On three occasions I have read a book and thought, if everyone read this book, the world of work would be a different place. The first was Sheryl Sandberg’s, Lean In, now five years in print. The second was The Wife Drought, by Annabel Crabb. And the third came just recently in the form of Live, Lead, Learn, by Gail Kelly.
Yes, as a professional my late 20s, women and corporate life are my bias. But I do believe that the lessons and ideas presented in each of these books are relevant to everyone.
My new rug feat. Gail
I like to read in bed. At night, usually. But sometimes in the morning too. I know I’m really into a book when I read a few (usually a few too many) pages first thing in the morning. Sometimes to the detriment of my gym and work routine. Several books have gathered this level of enthusiasm this year, and I’m excited to share them with you.
I was speaking to a friend recently about how she manages stress. We’d previously discussed how important exercise was for her mental health. I asked if she’d been making time for it. Her response was fairly typical. Not lately, she said, not since her sister had become too busy to go with her to the gym.
And that’s when I knew – she’s a classic Obliger.
You are only free when you realise you belong no place – you belong every place – no place at all. The price is high. The reward is great. – Maya Angelou.
For 20 years, Brené Brown profoundly disagreed with this sentiment. Although she admired Angelou, she opposed this quote. Brown had long believed that in many ways she did not belong. “Not belonging” had formed one of the most “painful threads” of her life. As an academic and now research professor in the social work field, Brown has spent the best part of a lifetime pondering topics like vulnerability, shame and belonging. At the time she heard Angelou’s quote, Brown firmly rejected the idea that “belonging nowhere” meant freedom.
The price is high. The reward is great.
Hello little blog!
I’ve been busy finishing my Masters which has left me with little time to write. But I have made time to read which means I have a backlog of things I’ve learnt that I’m eager to write down.
First up, a classic. First published in 1937, and many more times since, this is possibly one of the earliest self-help books to reach pop culture status. It was recommended to me by a friend, whose husband said it had changed his life. It’s surprising it has taken me this long to embrace it. It is, of course, Dale Carnegie’s How to Win Friends and Influence People.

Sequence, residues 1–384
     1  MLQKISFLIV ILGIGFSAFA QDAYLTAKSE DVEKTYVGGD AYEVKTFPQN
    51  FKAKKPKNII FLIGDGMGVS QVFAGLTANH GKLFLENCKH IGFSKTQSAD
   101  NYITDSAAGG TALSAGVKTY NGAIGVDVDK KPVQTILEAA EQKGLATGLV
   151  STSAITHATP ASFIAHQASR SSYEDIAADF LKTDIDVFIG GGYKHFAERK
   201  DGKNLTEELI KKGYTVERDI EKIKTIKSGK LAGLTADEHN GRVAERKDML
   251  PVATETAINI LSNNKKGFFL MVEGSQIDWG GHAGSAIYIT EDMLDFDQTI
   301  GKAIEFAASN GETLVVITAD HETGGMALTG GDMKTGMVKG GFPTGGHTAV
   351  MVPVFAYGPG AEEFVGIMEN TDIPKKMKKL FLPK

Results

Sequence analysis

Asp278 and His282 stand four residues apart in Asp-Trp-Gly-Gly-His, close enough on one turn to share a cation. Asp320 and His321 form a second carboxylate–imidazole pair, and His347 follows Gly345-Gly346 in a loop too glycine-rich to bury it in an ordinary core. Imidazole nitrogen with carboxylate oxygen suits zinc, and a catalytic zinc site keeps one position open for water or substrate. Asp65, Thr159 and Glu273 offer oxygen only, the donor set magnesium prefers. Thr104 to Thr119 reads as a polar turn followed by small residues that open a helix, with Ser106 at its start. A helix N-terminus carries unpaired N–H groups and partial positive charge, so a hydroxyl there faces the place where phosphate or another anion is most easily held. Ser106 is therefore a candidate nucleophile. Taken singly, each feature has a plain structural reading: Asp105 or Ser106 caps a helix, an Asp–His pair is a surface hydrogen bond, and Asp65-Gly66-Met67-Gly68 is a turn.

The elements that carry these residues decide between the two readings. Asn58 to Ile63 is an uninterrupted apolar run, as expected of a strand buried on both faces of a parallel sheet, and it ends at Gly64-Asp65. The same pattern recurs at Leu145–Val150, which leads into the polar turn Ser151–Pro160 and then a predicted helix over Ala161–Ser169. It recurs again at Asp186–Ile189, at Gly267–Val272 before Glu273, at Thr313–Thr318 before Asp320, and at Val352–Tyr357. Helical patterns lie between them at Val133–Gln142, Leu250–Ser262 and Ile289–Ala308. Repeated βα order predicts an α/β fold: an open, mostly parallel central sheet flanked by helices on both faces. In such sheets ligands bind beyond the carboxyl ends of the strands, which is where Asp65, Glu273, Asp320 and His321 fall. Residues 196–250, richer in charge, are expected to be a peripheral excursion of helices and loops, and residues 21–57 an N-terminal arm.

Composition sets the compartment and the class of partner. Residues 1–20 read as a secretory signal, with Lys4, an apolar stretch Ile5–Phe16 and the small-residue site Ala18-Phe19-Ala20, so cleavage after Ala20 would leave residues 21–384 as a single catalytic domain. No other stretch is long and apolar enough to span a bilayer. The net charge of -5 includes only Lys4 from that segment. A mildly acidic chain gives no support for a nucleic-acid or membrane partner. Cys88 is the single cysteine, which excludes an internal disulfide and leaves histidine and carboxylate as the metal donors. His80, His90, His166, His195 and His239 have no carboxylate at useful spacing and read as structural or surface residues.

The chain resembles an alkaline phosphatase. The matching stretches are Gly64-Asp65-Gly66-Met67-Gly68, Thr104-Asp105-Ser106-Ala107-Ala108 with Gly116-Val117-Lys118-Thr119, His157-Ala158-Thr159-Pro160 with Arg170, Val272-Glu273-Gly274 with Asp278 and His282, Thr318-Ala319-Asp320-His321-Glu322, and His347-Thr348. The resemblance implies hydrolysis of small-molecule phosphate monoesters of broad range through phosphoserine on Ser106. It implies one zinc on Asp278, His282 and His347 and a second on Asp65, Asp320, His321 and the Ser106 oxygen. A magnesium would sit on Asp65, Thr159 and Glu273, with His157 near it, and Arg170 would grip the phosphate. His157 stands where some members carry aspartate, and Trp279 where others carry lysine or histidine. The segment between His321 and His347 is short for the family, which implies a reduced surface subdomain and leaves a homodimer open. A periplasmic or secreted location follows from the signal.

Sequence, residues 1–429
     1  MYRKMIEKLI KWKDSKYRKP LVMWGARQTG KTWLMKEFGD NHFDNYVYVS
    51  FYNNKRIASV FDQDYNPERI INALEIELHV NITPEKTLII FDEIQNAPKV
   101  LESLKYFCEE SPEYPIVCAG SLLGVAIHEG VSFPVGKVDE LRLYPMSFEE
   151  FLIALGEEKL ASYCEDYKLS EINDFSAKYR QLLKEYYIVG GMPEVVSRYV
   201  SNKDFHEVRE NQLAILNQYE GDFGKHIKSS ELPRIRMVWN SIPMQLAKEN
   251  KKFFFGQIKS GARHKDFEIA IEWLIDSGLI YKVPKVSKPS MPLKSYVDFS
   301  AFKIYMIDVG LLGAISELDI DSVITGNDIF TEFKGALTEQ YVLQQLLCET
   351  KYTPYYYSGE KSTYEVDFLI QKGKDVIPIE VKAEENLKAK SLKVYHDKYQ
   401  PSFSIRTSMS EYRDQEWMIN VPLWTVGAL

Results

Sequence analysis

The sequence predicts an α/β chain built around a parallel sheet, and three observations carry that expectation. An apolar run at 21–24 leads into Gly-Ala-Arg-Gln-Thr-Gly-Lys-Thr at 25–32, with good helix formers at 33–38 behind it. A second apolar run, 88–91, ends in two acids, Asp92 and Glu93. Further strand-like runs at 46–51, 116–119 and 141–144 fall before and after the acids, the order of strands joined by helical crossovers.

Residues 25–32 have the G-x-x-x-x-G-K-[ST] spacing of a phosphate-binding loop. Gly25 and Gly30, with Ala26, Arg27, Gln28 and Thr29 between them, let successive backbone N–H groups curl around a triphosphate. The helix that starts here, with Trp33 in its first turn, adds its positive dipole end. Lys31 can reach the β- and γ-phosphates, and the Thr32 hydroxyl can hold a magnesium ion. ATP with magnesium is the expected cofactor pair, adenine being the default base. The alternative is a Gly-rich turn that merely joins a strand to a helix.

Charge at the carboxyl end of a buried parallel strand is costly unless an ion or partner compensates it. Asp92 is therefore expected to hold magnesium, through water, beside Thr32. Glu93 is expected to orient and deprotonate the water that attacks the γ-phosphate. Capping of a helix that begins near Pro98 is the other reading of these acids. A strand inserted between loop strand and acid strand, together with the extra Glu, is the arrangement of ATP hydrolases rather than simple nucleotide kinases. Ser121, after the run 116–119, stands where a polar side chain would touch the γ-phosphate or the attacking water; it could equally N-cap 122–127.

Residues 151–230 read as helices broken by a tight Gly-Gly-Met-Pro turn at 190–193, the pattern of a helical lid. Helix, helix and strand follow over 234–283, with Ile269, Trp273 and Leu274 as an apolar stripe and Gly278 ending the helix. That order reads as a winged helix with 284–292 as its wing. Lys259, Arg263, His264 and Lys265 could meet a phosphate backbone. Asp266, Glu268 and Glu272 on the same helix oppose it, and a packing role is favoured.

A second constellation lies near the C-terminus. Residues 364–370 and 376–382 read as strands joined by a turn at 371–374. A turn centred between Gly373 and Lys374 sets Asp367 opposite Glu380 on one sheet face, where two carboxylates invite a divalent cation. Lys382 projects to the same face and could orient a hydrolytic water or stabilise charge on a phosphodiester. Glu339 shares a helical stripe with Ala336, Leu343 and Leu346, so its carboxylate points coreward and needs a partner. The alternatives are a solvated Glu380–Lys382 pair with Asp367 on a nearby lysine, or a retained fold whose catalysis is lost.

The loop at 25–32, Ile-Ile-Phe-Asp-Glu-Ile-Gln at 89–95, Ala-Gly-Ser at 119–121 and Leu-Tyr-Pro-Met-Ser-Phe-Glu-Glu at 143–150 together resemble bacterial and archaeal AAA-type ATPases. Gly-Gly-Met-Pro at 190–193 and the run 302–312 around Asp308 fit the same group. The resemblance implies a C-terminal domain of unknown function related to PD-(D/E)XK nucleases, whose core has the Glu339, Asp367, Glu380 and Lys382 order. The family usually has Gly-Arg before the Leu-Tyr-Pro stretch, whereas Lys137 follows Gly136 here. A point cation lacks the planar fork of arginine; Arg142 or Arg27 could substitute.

Have you read the Google memo?
If, like me, you wanted to contribute to the conversation sparked by the now infamous Google doc this week, but struggled to find the words, then I have the book for you.
Though we are more vulnerable than we think, we are stronger than we even know.
When Option A is not available
Gloria Steinem doesn’t fancy herself as a leader. She doesn’t seek the spotlight of politics or celebrity. She is an organiser. She organises momentum and logistics around movements and campaigns that align with her values. And she has done so from Kennedy to Clinton 2.0.
The life of an organiser is a life on the road.
“Everything can be taken from a man or a woman but one thing: the last of human freedoms to choose one’s attitude in any given set of circumstances, to choose one’s way.”
Viktor Frankl survived three harrowing years in Auschwitz and other Nazi concentration camps. A Professor of Neurology and Psychiatry at the University of Vienna, Frankl’s intellectual curiosity put him in a unique position to observe life and death in prison camp. “Man’s Search for Meaning” is Frankl’s attempt to translate these stories in to lessons about human survival amid pointless suffering.
Not giving a f*ck is in vogue.
“The Life Changing Magic of Not Giving a F*ck”, “Don’t Give a Damn” – titles like these are appearing at book shops near you. Caring less appears to have overtaken “mindfulness” as the topic du jour in the self help genre.